Boas 1892: Many discoveries in a short article (Part 10: ‘to make’)
In his short but punchy 1892 article reporting newly noticed Chinuk Wawa words in the lower Columbia River region, Franz Boas says as basic an idea as ‘make’ has new expression…
Image credit: ‘Making Do and Getting By’ at the Lisson Gallery
This is apparently the first occurrence in print of the Lower Chehalis Salish-derived x̣íləməɬ.
Its etymology is:
- A root x̣íl’ that goes back to ancient Proto-Salish *x̣il / *ʔax̣il ‘thus, like, similar’. (A.H. Kuipers 2002.) The idea would be of ‘doing like that’. The same root shows up in slightly different forms and meanings in other SW Washington Salish languages such as Cowlitz, but only in Lower Chehalis (ɬəw’ál’məš) does it sound like this and mean ‘make; do’.
- A suffix -m̓əɬ that’s been called an “Implied Transitive”. Long story short, I often translate it as ‘do some ___-ing’.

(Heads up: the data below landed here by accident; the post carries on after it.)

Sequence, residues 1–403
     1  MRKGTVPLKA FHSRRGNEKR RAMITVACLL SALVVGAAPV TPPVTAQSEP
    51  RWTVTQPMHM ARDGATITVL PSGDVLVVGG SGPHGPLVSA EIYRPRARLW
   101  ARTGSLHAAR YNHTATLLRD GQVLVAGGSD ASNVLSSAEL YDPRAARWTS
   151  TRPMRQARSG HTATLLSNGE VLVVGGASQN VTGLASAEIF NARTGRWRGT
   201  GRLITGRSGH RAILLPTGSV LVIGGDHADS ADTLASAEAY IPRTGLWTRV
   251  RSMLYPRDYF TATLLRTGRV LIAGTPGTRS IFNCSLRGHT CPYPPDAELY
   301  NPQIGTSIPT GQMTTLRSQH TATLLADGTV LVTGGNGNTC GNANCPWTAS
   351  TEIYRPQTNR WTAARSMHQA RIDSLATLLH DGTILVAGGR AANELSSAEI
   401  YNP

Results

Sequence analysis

- Plus, technically, a “silent 3rd Person Perfective Subject” suffix (-Ø).
- So the whole shebang in Lower Chehalis = ‘(s)he/they did some making/doing; (s)he/they made/did something’. We have lots & lots of 3rd person verbs from Lower Chehalis in Chinuk Wawa, which tells you something about how Salish got used in a pidgin-language-forming environment.
The second published occurrence of x̣íləməɬ may have been over a hundred years later, in the 2012 Grand Ronde Tribes dictionary of CW.
Why on earth would a language change words for such a fundamental notion as ‘make’?
I have thoughts.
They boil down to a need to replace the firmly established Nuuchahnulth and Nootka Jargon word mamuk…which is featured in our next installment of this mini-series. Stay tuned!
x̣íləməɬ is mostly reserved for the specific meaning, ‘to work’, in modern Grand Ronde Chinuk Wawa.
Anything to do with mamuk acquiring “an obscene meaning”?
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Stay tuned for the next installment, my friend!
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